New Delhi: With over 38,000 students scoring over 95% and nearly 1.6 lakh students securing over 90% in the Class 12 examinations conducted by the Central Board of Secondary Education this year, seats are running short in Delhi University colleges. This, on Friday, prompted Delhi chief minister Arvind Kejriwal to write to the Union education minister for an amendment to the Delhi University Act, so that more DU colleges may be opened.
`No new college has opened under DU in over 30 years’
In the letter to Ramesh Pokhriyal, Kejriwal demanded that Section 5(2) Delhi University Act, 1922 be abolished so that new colleges and universities can be opened in Delhi. He said under this Act, the affiliation norms made by the British restricted the opening of new colleges.
Explaining the issue further, Kejriwal wrote that Delhi University has 91 affiliated colleges but has over the last 30 years not opened a new college as it has already exceeded its capacity. “Because of this very reason as stated in this Act under Section 5(2), no new affiliating university or college can be set up. It was amended in 1998 and allowed IP University to do affiliation. IP University was launched to offer professional courses only and not regular courses like BA, BSc. But, now IP also has 127 affiliated colleges, and it too has surpassed its capacity,” he added.
`Only around half of 2.5 lakh students passing Class 12 get admission in Delhi’
The chief minister said despite securing high marks, many students were unable to secure a seat in Delhi University. Students are facing a tough time getting enrolled in colleges because of high cut-off marks, he said, and asked, “with cut-offs touching 100%, what will happen to students who secure 60%, 70%, 80%, 90%, 95%?”
He also observed that every year, Delhi has around 2,50,000 students passing out from school, but only around 1,25,000 of them will manage to get admission in Delhi-based colleges. “If we talk numerically, it means 2 students are fighting for 1 seat leading to a cut-throat competition. Leaving behind the other 1.25 lakh students without any resources. This means that colleges in Delhi can only accommodate 50% of students. Where will the other 50% go?”
In view of this problem, Kejriwal said: “Therefore there is a need to establish more universities and colleges in Delhi to effectively solve this problem for our students. The Delhi Government is ready to invest, however, there is a legal impediment being faced.”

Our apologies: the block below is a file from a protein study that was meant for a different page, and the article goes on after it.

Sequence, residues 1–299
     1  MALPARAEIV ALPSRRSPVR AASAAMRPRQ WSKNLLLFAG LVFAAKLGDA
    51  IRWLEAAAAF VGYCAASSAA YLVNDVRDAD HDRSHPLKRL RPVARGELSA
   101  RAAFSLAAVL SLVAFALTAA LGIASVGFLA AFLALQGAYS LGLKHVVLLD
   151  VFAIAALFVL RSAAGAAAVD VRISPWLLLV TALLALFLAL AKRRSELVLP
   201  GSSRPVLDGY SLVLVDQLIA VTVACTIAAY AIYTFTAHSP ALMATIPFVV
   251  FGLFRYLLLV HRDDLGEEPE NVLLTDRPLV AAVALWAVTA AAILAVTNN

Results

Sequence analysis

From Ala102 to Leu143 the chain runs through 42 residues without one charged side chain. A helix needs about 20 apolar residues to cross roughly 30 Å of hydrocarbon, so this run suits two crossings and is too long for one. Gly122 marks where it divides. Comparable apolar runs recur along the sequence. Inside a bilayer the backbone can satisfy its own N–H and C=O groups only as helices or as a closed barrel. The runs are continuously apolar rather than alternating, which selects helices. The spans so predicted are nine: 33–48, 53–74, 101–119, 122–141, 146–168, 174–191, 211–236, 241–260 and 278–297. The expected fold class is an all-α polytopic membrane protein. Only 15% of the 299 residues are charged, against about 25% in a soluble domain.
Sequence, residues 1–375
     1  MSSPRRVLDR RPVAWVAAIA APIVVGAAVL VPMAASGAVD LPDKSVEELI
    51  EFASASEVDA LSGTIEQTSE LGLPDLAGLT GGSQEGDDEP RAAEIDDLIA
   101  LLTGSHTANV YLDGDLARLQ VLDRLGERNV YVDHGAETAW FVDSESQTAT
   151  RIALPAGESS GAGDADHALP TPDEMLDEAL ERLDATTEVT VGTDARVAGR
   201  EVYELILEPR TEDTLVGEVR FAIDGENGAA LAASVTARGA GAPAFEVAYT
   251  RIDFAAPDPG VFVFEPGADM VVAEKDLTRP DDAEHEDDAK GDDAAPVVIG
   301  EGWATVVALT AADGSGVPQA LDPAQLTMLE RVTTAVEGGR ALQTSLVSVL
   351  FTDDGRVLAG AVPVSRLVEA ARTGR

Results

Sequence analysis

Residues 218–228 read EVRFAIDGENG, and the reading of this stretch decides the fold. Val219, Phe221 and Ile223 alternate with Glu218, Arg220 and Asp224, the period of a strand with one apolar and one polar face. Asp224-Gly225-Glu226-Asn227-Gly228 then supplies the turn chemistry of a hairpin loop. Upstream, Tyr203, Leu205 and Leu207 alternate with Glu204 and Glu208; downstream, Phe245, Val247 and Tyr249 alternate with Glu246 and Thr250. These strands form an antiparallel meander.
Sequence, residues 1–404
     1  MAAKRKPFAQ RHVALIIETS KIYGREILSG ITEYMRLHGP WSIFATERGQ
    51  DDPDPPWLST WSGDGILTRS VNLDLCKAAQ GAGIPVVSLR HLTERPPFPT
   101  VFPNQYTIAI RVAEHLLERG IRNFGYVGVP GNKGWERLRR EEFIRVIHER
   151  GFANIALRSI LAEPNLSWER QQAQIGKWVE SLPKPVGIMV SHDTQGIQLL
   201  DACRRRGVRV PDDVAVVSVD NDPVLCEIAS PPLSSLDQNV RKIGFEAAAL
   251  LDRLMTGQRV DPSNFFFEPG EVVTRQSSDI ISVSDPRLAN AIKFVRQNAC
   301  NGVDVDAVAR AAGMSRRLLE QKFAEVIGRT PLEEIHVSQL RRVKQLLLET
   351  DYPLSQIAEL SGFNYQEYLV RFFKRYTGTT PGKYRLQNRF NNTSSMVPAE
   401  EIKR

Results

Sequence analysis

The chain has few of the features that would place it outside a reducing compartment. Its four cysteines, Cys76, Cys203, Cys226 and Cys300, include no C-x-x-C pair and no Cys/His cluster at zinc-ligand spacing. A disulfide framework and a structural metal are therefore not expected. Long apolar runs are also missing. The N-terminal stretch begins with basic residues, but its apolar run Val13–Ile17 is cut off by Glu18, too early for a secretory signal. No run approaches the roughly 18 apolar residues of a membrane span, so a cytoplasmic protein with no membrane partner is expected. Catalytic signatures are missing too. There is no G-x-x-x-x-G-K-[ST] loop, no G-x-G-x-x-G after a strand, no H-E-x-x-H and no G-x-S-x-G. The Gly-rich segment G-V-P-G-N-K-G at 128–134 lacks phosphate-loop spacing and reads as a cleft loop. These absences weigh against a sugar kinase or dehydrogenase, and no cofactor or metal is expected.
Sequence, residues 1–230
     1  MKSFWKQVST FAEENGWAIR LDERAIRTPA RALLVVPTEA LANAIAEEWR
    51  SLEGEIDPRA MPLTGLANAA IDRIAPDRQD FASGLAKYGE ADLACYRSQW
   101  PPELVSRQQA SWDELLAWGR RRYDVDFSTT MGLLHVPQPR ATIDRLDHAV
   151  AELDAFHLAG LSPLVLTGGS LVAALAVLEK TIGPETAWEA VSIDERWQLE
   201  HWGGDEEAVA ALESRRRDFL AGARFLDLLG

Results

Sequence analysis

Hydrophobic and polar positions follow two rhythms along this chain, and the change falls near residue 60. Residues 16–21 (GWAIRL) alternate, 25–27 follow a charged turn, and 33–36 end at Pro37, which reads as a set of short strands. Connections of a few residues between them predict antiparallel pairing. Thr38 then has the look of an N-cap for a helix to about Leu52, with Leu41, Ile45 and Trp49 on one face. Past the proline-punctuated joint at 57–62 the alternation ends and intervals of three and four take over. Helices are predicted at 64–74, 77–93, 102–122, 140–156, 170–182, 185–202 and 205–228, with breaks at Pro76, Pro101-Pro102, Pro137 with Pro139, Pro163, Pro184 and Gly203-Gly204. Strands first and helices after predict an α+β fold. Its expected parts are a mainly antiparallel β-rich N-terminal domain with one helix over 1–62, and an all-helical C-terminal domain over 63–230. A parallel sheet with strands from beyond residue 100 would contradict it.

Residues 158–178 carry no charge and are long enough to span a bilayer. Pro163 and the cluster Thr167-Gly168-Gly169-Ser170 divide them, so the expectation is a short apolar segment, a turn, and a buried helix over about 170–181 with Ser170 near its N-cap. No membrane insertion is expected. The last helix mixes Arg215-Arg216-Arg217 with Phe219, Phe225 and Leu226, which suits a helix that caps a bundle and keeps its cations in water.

`High cut-offs not a fault of students, but of governments’
Defending the right of students to get admission, he wrote: “Students trying to get admission in colleges are facing trouble, given the 100% cut-offs. Students below that mark too, have the right to quality higher education. High cut-offs are not the fault of students, it’s our fault.”
The chief minister said it was due to the fault of previous Delhi governments and Central governments that there was a paucity of universities and colleges in Delhi in comparison to the ever-rising number of students. “Given that Delhi is the Capital of the nation, it should have been at par with the increasing number of students. However, there is a stark imbalance in the ratio of the number of universities to the number of students.”
Students scoring over 90% rose sharply this year
The problem this year appears to have been exacerbated by the high scores which CBSE gave to Class 12 students. A look at the data reveals that students who scored 95% above increased from 17,693 in 2019 to 38,686 this year. Similarly, the number of students who scored more than 90% also increased from about 94,000 in 2019 to almost 1.6 lakh this year.
Since Delhi University is a Central university, students from all over the country are entitled to seek admission here and this is why the cut-offs have increased dramatically.
Kejriwal hoped that the Centre will address the issue quickly. “I am hopeful that the Central government will definitely ponder over this and will definitely alter this act to suit the need of the hour. I believe the stress factor is escalating in students because of this system. If there will be cut-offs as high as 100%, where will students go? This calls for a step to take in this direction to for once and for all end this for the sake of our students’ future,” he said.